Another series of severe watermain breaks in the British Columbia port city of Prince Rupert has placed the community’s century-old water system under a boil water advisory, local officials announced.
Aging infrastructure in the community of about 12,500 residents led to a state of emergency following watermain breaks last December. But, even as recently as August, officials issued a precautionary boil water notice due to emergency construction from water main breaks on Frederick Street.
The latest struggles in the community included more watermain breaks and a valve break adjacent to the local reservoir that washed out streets and flooded basements.
It is all part of a troubled system that Mayor Herb Pond says is leaking 40% of the water that passes through it.
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“We understand that this is absolutely an inconvenience to the community, and especially to those neighbourhoods that have been dug up,” said Mayor Pond in a statement to media. “Prince Rupert is heading into a critical period of renewal, and to get to where we need to be, there will be unavoidable disruptions. We commit to doing our best to minimize them, and appreciate the community’s understanding while we do this essential work to prevent the potential collapse of our water system.”
Due to multiple breaks in watermains yesterday, Northern Health has directed the City to issue a Boil Water Notice due to impacts to water quality. The City will notify the community as soon as the Notice is lifted. https://t.co/mO1EHplHl6 pic.twitter.com/2KeSXOHwAr
— Prince Rupert City (@CityofPR) October 18, 2023
Prince Rupert officials say they are desperately trying to replace 26 km of water and sewer pipes for its gravity-fed water system. It is a project still awaiting approval of an $82-million federal grant. So far, the province has contributed $65 million, and Prince Rupert has nearly secured its own $45-million loan.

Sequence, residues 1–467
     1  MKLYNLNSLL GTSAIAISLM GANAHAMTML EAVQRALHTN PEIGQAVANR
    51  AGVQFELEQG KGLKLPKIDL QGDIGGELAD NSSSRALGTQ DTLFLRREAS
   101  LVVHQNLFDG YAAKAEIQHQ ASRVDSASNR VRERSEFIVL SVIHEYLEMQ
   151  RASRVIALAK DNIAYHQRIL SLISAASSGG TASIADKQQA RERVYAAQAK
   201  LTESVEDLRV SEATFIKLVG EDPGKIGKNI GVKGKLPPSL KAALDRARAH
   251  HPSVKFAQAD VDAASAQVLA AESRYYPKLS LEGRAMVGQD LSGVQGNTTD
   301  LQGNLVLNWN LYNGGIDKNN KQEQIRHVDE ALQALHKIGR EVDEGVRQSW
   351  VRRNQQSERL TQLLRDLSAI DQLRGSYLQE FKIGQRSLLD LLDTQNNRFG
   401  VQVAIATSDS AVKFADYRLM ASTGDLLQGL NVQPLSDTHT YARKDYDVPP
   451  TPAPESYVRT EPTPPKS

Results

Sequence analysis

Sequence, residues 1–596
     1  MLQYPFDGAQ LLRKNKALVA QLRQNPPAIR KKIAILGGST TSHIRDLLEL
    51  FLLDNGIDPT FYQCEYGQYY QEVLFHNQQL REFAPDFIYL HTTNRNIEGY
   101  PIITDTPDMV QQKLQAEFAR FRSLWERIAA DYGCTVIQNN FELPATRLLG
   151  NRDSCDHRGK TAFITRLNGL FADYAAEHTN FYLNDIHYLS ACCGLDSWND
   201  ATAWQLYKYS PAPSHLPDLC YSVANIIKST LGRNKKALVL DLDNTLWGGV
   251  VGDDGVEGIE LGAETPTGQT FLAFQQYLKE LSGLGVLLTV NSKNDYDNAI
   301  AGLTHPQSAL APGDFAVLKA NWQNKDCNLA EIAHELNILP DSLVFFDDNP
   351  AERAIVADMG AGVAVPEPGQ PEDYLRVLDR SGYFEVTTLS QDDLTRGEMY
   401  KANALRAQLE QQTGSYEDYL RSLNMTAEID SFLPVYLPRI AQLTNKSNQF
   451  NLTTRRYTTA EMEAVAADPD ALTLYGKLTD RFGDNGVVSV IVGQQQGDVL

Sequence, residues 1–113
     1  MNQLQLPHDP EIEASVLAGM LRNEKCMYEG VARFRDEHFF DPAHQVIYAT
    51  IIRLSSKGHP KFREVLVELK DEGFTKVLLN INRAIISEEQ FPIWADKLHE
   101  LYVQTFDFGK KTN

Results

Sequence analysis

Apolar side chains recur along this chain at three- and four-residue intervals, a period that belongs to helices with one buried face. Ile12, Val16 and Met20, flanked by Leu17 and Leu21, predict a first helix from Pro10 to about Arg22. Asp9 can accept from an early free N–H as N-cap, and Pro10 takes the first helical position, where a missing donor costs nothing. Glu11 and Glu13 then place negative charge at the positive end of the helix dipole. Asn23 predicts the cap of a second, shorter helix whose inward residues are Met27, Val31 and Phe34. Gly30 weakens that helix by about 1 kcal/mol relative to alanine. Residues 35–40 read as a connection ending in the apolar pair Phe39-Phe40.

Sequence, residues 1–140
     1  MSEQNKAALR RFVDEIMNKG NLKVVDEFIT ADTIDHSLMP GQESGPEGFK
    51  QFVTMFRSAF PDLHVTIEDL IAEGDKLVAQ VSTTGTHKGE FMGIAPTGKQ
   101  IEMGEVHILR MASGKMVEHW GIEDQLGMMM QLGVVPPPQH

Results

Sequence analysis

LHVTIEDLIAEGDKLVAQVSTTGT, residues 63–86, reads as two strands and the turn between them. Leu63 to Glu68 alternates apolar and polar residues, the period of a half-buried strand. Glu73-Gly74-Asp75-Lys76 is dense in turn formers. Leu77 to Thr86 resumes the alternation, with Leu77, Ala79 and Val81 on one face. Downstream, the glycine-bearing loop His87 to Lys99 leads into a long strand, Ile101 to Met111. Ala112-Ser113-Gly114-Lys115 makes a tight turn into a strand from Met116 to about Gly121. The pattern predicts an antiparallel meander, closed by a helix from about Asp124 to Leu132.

Breaks in the watermains have also caused low-pressure issues and erosion of the roadways, say local officials, who have described addressing breaks in the distribution arteries as a challenging game of “whack-a-mole.”
While crews have started to backfill holes from various watermain breaks as an interim measure to improve traffic access, Mayor Pond says that’s about all they can do until new infrastructure funding is approved.
“Unfortunately, in the meantime, if any replacements are conducted in failing areas, we would lose all eligibility for federal funding,” states a local notice to residents. “This would transfer the full burden of these major costs to taxpayers.”
The local council says it’s trying to acquire revenue through a resource benefits agreement, a resolution to port tax caps, payments in lieu of taxes, and the development of Watson Island.
The community has previously struggled with turbidity in the local drinking water, as well as microbial contaminants giardia and cryptosporidium, which can result in outbreaks of gastroenteritis.